In deciding plaintiff's motion for summary judgment, this court must determine if the pleadings and affidavits filed in this case show that there is no genuine issue as to any material fact (Rule 56(c), Fed. R. Civ. Proc.). For this purpose, we will view all the facts and inferences to be drawn therefrom in the light most favorable to defendant. Voogd admits that at the times relevant to the purchase and sale in question, he was the Executive Vice-President of International Operations of Selas. Rule 3b-2 (17 CFR § 240.3b-2) of the Securities and Exchange Commission defines the term "officer" as ". . . a president, vice-president, treasurer, secretary, comptroller, and any other person who performs for an issuer, whether incorporated or unincorporated, functions corresponding to those performed by the foregoing officers." Taken literally, Voogd, as a Vice-President of Selas, is clearly within the enumerated class, and as such, would be an officer within the meaning of § 16(b). However, defendant contends that Rule 3b-2 does not create a conclusive presumption that one holding such an office is automatically an insider, and thus liable for the profits from insider trading under the terms of § 16(b).

 The validity and effect of Rule 3b-2 has not been clearly established. The leading case in this area appears to be Colby v. Klune et al., 178 F.2d 872 (2d Cir. 1949). In this case, the court reversed the district court's granting of a summary judgment for the plaintiff, holding at page 875:

 
"It may be that the S.E.C. had such statutory authority to issue the Rule *fn15" that it binds the courts. Even so, there remains much room for inquiring into the facts at a trial. For the functions of a 'vice-president ' or 'comptroller' are not so well settled as to be self-evident, and there is need for evidence concerning those functions. Under that Rule as we interpret it, it does not matter whether or how the by-laws of this particular company define the duties of such officers. The question is what this particular employee was called upon to do in this particular company, i.e., the relation between his authorized activities and those of this corporation."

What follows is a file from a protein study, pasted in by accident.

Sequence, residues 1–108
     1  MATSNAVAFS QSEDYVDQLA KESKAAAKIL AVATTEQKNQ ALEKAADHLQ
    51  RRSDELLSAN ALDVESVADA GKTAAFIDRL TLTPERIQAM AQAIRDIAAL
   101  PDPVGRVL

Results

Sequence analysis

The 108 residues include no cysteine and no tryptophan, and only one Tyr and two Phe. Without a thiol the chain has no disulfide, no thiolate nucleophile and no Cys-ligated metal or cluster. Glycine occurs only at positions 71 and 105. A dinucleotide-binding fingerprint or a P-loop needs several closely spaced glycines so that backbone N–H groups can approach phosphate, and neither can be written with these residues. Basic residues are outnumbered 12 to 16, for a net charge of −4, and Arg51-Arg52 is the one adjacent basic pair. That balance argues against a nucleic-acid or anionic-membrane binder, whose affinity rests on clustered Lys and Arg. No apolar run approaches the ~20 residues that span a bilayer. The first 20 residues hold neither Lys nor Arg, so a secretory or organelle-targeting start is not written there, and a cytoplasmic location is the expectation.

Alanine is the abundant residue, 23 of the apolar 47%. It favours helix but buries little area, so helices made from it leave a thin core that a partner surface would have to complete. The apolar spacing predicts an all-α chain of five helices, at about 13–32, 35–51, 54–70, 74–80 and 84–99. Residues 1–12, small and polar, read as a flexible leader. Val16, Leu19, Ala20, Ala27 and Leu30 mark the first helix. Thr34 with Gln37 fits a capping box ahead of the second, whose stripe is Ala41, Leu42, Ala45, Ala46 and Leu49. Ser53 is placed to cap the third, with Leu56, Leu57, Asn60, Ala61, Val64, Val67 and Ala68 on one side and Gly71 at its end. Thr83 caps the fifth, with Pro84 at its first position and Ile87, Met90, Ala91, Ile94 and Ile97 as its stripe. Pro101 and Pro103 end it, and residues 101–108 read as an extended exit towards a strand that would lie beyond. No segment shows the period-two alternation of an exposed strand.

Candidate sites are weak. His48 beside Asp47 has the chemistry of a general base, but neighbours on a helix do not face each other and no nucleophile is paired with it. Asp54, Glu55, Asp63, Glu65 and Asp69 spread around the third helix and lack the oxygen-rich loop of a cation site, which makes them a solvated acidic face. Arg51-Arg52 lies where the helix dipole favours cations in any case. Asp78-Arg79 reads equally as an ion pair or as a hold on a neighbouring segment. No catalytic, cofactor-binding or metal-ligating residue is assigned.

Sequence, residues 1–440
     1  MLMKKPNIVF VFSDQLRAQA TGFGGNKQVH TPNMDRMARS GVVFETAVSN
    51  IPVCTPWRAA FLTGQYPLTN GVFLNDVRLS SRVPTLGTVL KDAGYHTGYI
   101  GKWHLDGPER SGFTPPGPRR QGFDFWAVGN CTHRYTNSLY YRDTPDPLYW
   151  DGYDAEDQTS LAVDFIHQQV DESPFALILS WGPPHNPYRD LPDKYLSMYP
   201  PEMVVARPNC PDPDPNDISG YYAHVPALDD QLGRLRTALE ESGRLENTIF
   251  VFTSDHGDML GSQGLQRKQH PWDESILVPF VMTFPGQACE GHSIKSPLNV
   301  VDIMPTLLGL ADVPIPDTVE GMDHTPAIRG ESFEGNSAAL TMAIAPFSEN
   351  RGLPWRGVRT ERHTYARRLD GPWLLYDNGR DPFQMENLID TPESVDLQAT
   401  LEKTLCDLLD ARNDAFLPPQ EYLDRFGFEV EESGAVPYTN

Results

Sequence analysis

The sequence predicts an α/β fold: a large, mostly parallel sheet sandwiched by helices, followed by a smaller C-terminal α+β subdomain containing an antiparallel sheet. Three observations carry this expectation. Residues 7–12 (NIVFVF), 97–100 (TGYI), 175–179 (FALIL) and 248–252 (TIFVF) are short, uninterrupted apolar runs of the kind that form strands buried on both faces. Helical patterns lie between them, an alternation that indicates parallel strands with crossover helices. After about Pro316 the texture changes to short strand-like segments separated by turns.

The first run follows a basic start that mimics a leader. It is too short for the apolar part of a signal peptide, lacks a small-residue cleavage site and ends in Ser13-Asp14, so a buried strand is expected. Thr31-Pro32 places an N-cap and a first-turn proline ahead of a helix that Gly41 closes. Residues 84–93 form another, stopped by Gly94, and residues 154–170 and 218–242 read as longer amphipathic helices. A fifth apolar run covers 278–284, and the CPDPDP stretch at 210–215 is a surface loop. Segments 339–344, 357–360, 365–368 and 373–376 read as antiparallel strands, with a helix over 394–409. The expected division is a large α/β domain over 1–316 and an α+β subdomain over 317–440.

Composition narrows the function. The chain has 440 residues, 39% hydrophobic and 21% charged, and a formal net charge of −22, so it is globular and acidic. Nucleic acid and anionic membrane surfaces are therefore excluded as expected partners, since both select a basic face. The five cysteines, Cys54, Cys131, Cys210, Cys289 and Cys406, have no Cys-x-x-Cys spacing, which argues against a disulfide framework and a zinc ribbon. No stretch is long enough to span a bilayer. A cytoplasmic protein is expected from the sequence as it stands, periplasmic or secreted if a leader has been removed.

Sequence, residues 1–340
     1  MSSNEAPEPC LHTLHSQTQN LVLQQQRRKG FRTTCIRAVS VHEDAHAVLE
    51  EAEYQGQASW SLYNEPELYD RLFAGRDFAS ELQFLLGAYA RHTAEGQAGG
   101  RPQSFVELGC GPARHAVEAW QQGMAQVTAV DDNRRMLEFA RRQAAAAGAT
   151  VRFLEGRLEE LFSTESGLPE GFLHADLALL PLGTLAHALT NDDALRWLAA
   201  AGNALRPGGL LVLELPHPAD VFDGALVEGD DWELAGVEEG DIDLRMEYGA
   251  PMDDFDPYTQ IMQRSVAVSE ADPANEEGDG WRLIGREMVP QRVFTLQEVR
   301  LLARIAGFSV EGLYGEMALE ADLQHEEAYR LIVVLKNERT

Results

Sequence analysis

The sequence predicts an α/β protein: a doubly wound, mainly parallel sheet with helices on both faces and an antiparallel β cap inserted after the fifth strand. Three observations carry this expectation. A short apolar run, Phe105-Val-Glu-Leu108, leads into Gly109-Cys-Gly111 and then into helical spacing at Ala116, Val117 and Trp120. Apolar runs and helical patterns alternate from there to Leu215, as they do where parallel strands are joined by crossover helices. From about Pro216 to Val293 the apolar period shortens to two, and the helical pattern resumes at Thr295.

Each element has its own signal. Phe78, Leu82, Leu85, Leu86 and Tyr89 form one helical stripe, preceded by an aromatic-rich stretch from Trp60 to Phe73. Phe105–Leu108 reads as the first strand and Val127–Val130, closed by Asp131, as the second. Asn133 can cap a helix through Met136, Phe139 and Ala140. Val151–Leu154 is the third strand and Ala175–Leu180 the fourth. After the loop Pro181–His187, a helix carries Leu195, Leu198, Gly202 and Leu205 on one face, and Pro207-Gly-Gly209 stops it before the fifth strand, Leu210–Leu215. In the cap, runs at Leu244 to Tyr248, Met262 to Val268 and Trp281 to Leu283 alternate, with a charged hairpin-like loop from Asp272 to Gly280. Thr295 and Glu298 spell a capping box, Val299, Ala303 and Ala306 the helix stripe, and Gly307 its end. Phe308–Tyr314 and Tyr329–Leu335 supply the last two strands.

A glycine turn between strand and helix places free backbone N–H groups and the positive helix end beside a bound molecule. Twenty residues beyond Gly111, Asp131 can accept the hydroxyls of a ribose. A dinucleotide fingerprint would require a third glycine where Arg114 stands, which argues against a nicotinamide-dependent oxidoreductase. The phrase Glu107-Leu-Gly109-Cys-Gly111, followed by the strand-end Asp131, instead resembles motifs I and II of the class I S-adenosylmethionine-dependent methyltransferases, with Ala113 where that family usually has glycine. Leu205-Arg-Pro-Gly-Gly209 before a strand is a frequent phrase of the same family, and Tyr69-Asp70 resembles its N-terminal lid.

The court further suggests the type of evidence which should be elicited by the trial court, stating:

 
"Counsel for the SEC, in a memorandum filed with us, says that it is significant that the employee has or has not responsibility for the policy of at least a substantial segment of the corporation's affairs and participates in executive councils of the corporation as an officer. We think the trial court should receive evidence pertinent to that issue, but should reserve decision as to its legal significance until after the trial."

 The court in Colby questioned the validity of Rule X-3b-2, but reserved judgment on that point because the affidavits submitted in support of a summary judgment raised an issue of credibility, which could only be decided at trial. The Colby case was followed in the recent case of Schimmel v. Goldman, 57 F.R.D. 481, (S.D.N.Y. 1973) holding, in approval of a settlement, that there was a genuine issue to be resolved and that a settlement for less than the amount claimed was justified. In accord with this is a recent case from the Eastern District of Virginia, Gold v. Scurlock, 324 F. Supp. 1211 at ...